NEWS THIS WEEK: Republican contractor exposes voter records; California seeks stiffer data privacy law; Florida schools hacked

By Byron V. Acohido

In the news this past week, Girl Scouts can start earning cybersecurity badges next year, thanks to an effort by the Girl Scouts of America and cybersecurity firm Palo Alto Networks. “We surveyed a lot of girls,” Girl Scouts CEO Sylvia Acevedo said. “In those evaluations, girls repeatedly said they wanted more computer science, and they were really interested in cybersecurity in terms of protecting themselves online. Bullying is a big issue. Also figuring out hackathons, they wanted to do that as well.” The badges will be available in fall 2018. There will be 18 unique badges, for Scouts from the Daisy level (who can be as young as 5 years old) all the way up to Ambassadors (18 years old). The suite of cybersecurity badges are intended to teach girls how to stay safe online and to encourage them to take jobs in the cybersecurity industry, where women are underrepresented. The Girl Scouts have been rolling out new badges for a number of STEM fields in response to high demand from girls in the program. Source: Gizmodo

Data breach losses on the decline worldwide, but not in the U.S.

Financial losses from data breaches may be starting to drop: The average cost of a data breach worldwide is now $3.62 million, down 10 percent from last year, according to a study from IBM Security and the Ponemon Institute. This marks the first decline measured since the global study was instituted. Data breaches cost companies an average of $141 per lost or stolen record, the report found. In the United States, the average cost of a breach increased 5 percent this year, to $7.35 million. Source: Tech Republic

Contractor for Republicans exposed 200 million voters’ information

Data analytics contractor Deep Root Analytics, which was employed by the Republican National Committee, left databases containing information on nearly 200 million potential voters exposed to the internet without security, allowing anyone who knew where to look to download it without a password. The databases were part of 25 terabytes of files in an Amazon cloud account that could be browsed without logging in. The account was discovered by researcher Chris Vickery of security firm UpGuard. Source: The Hill

Democrats didn’t seek help from Homeland Security in election hack

Former Homeland Security Secretary Jeh Johnson said the Democratic National Committee “did not feel it needed” the assistance of the Department of Homeland Security following last year’s election hack, which U.S. officials have since attributed to Russia. Johnson’s testimony is part of the House Intelligence panel’s investigation into Russian meddling in the presidential election, which is looking into possible collusion between Moscow and the Trump campaign. Source: Politico

California law would make internet service providers ask before selling customer data

A proposed law in California would require internet service providers to obtain customers’ permission before they use, share or sell the customers’ web browsing history. The California Broadband Internet Privacy Act is very similar to an Obama-era privacy rule that was scheduled to take effect across the nation until President Trump and the Republican-controlled Congress eliminated it. Source: Ars Technica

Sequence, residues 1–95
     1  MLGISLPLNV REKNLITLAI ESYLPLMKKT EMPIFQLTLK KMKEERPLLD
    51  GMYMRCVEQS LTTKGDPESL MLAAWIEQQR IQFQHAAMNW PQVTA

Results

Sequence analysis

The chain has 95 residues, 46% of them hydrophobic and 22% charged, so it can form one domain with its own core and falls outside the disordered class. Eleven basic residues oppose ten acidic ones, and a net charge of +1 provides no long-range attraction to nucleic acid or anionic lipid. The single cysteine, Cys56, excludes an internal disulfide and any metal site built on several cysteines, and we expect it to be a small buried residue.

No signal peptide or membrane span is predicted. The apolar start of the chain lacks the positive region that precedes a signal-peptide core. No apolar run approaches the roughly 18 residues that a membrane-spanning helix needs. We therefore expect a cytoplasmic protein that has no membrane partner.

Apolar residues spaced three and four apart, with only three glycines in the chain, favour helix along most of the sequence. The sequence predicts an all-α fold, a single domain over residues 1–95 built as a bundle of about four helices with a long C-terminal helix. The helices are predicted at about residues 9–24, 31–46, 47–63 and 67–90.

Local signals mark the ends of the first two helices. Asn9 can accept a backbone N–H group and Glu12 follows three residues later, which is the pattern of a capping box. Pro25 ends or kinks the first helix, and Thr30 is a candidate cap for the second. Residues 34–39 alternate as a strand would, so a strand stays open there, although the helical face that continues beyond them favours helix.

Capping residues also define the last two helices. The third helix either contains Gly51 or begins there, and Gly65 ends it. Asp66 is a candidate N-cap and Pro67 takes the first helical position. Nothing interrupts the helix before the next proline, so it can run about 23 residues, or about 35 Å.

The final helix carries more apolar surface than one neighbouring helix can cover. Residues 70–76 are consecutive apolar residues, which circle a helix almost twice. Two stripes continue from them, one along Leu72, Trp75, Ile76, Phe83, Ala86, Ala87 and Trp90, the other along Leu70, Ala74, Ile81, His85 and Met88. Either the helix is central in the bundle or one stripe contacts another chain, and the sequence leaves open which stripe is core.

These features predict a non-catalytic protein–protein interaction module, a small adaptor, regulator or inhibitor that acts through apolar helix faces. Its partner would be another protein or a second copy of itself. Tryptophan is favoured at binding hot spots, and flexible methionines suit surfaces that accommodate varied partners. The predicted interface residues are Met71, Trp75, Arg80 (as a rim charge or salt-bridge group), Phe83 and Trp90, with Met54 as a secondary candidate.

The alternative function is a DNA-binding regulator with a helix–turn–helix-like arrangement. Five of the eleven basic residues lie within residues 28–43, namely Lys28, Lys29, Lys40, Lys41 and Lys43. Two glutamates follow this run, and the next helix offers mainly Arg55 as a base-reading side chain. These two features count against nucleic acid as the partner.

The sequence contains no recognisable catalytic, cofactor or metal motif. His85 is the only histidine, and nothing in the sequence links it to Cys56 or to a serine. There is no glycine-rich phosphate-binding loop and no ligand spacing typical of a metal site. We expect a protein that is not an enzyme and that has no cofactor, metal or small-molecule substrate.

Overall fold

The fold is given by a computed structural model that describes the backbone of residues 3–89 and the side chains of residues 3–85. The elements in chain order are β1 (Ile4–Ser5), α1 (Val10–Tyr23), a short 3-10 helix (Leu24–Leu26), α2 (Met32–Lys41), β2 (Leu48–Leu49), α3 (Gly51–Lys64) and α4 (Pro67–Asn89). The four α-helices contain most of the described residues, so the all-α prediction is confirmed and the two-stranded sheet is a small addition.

CIA hacking routers to use them to listen to others, WikiLeaks says

Leaked CIA documents revealed the agency has been hacking people’s Wi-Fi routers and using them as covert listening points. Infected routers are used to spy on the activity of internet-connected devices, according to decade-old secret documents leaked by WikiLeaks. Home routers from 10 U.S. manufacturers, including Linksys, DLink, and Belkin, have been used by the CIA to monitor internet traffic. Source: The Daily Mail

Hospital patients’ records found abandoned on a back road

Saint Thomas Rutherford Hospital in Murfreesboro, Tenn., has notified more than 2,800 patients of a health information breach. An investigation revealed hospital documents, which did not contain Social Security numbers or patient medical records, were found along a rural road in DeKalb County. The documents contained the patient’s name, date of birth, admitting diagnosis, account number and doctor’s name. Source: WKRN, Nashville

Minnesota database published in apparent protest

A Minnesota state government database was stolen and published online in an apparent protest of the acquittal of St. Anthony officer Jeronimo Yanez for fatally shooting motorist Philando Castile last summer. The news of the attack was first reported by Motherboard, which was contacted by the hacker. The state IT agency confirmed the attack. Source:

Walmart says rumors of hack are just rumors, not true

Walmart says its company’s system has not been hacked, despite rumors on social media. Posts going around Facebook urged people to not use debit or credit cards at Walmart, claiming the store’s system had been hacked. Walmart found nothing to indicate systems were compromised. Source: WFLA, Tampa

Florida school districts hit by malware attacks

International hackers slipped into the computer systems of at least four Florida school district networks in hopes of stealing the personal data of hundreds of thousands of students. They infected the systems with malware that turned off the logs recording who accessed the systems. For three months, the hackers probed the systems, mapping them out and testing their defenses. At one point, they posted photos of someone dressed as an ISIS fighter on two school district websites. Source: Miami Herald


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